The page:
3. They are perfect and crunchy straight out of the oven, but the outsides will soften after they cool. However, 10 min in a hot oven (pre-sliced) will perk them right back up!

They obviously take some planning, but for a special weekend treat and a huge dose of NY nostalgia, they're worth it. I still think there are little tweaks here and there that could make them even better, so I'm all ears if you've had success making bagels. Gab away in the comments!

6 responses so far

I need a hero

(by Dr Becca) Mar 09 2016

Hello, readers! This job is hard. Between getting my tenure materials together, gut renovating a house, and repeatedly banging my head against the hallowed walls of the NIH, I haven't had the mental bandwidth to blog about academia with any kind of real fervor. However, Drugmonkey tagged me in this "who would you like to rescue you?" meme thingie, so I suppose I can muster up five names (the one thing I do have mental bandwidth for is staring at my TV screen). Some of these are actual people and not characters, but whatever. Maybe they're totally different in real life.

  1. Imperator Furiosa
  2. Nicole Curtis
  3. Jessica Williams
  4. Special Agent Dale Cooper
  5. Titus Andromedon


5 responses so far

Going to SfN next month? Come to BANTER!

(by Dr Becca) Sep 17 2015

I'm not allowed to get too excited for SfN until I get this R01 in, but I do hope those of you headed to Chicago next month will come to our yearly shindig that is expressly for you, the People of the Internet. This year we have not one, not two, but THREE amazing sponsors - INCF, NeuInfo, and Nature - who are doing their best to ensure you get at least one Negroni and a snack or two on the house.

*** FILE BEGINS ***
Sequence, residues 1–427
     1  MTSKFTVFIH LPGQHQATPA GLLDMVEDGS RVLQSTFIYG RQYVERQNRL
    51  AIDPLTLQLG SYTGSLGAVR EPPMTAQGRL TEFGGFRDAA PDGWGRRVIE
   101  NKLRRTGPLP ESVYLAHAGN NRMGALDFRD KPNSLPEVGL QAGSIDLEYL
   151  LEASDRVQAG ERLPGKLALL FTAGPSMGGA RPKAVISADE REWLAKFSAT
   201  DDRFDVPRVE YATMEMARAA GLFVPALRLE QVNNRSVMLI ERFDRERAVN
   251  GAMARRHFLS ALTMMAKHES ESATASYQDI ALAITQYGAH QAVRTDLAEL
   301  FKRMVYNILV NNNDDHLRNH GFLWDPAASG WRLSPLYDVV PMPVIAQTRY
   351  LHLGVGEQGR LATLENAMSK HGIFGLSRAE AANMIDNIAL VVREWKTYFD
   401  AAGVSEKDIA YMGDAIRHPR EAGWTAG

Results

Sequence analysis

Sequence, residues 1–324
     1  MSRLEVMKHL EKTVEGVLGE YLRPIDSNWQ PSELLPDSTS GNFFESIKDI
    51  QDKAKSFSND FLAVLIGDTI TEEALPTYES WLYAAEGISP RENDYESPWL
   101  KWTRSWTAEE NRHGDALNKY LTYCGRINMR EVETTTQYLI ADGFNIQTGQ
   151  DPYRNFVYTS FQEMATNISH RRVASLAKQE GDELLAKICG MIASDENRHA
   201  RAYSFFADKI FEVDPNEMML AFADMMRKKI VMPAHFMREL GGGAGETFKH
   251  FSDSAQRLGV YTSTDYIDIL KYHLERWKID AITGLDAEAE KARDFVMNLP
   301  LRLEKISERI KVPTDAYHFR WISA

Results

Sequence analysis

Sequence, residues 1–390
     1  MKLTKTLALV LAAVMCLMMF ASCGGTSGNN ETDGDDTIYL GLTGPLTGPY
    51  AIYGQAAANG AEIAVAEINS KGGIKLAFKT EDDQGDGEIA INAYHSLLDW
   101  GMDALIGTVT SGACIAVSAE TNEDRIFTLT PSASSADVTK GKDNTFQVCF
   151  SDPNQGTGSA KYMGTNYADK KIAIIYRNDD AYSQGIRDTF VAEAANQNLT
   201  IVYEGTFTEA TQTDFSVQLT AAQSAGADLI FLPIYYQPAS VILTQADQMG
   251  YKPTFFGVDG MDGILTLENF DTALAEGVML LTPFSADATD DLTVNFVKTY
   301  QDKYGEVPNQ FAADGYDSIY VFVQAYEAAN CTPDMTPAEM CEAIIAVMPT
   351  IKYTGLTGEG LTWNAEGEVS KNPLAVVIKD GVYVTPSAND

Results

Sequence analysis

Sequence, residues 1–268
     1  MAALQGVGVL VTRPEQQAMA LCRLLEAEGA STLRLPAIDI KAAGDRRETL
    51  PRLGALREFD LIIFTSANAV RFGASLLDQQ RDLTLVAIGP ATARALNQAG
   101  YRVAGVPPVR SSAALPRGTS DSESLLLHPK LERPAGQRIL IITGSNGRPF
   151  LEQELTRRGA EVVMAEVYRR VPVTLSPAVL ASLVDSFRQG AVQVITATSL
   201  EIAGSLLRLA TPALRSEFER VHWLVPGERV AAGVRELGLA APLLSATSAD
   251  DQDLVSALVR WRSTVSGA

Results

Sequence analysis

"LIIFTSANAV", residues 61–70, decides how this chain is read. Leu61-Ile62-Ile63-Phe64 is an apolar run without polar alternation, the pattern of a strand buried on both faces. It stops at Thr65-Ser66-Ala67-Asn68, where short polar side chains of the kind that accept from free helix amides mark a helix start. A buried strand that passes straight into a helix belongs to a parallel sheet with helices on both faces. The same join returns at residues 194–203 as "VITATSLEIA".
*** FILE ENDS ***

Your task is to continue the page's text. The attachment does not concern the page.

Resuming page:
We'll be at Frontier in West Town, an easy ride on the L (or even easier Uber ride).  Note that we're starting at 9:30p to allow you to hit your SfN-sponsored socials and have dinner and whatnot beforehand, so no excuses! I have a 7:30am meeting the morning after.

Details below in this handy flyer! If you're on twitter, be sure to follow @sfnbanter and the #sfnbanter list of attendees. See you all in Chicago!


Can you guess the theme?


5 responses so far

Whose problem is the "reproducibility crisis" anyway?

(by Dr Becca) Aug 18 2015

One of the absolute best things about Twitter is that there are a bajillion scientists on it, and if I have a random question - what's your favorite cfos antibody, what's the best statistical test for ___, what do you think this blob on my micrograph is - I can just throw it out into the ether and am likely to get a number of super helpful responses almost immediately.

Today, however, my random question started quite the firestorm! Let's go to the highlight reel:

(BTW, the reason that the y-axis seems excessively high is that I am comparing the correlation in this experimental group to that of another experimental group whose y values do go that high, and non-matching axes are one of my biggest pet peeves)

I got lots of helpful responses from my lovely Twitter friends, which you can see if you click through to the conversation. My real question was, "do I include or exclude this data point that is 6 SDs away from the mean from analysis?" but a young mosquito scientist had this recommendation:

After which the following exchange occurred:

Letting alone the fact that in my mind, a single funky data point out of almost 60 is not a "result," but a...data point...the answer is no, I do not "usually" replicate. Look, I get that in some labs it's super easy to run an experiment in an afternoon for like $5. If this is the situation you're in, by all means replicate away! Knock yourself out, and then give yourself a nice pat on the back. But in the world of mammalian behavioral neuroscience, single experiments can take years and many thousands of dollars. When you finish an experiment, you publish the data, whatever they happen to be. You don't say, let's spend another couple of years and thousands more dollars and do it all again before we tell anyone what we found! So I thought, OK, this guy runs an insect lab, maybe he doesn't know what's involved.

Well, to borrow from Don Draper,

Screenshot 2015-08-17 21.18.39

Jason later doubled down, responding to @neuromagician:

"CORRECT." I cannot even with this. What does it mean? His answer was blissfully, elegantly circular in its logic:

OK, then. Let's leave the tweets there (but grumpy subtweets this way lie).

Here's how I see it: different science fields have different experimental conventions that depend on all kinds of things. The "reproducibility crisis" may be real, but asking scientists to fix it by doing everything twice (or more) is naive at best and intentionally, self-righteously ignorant at worst.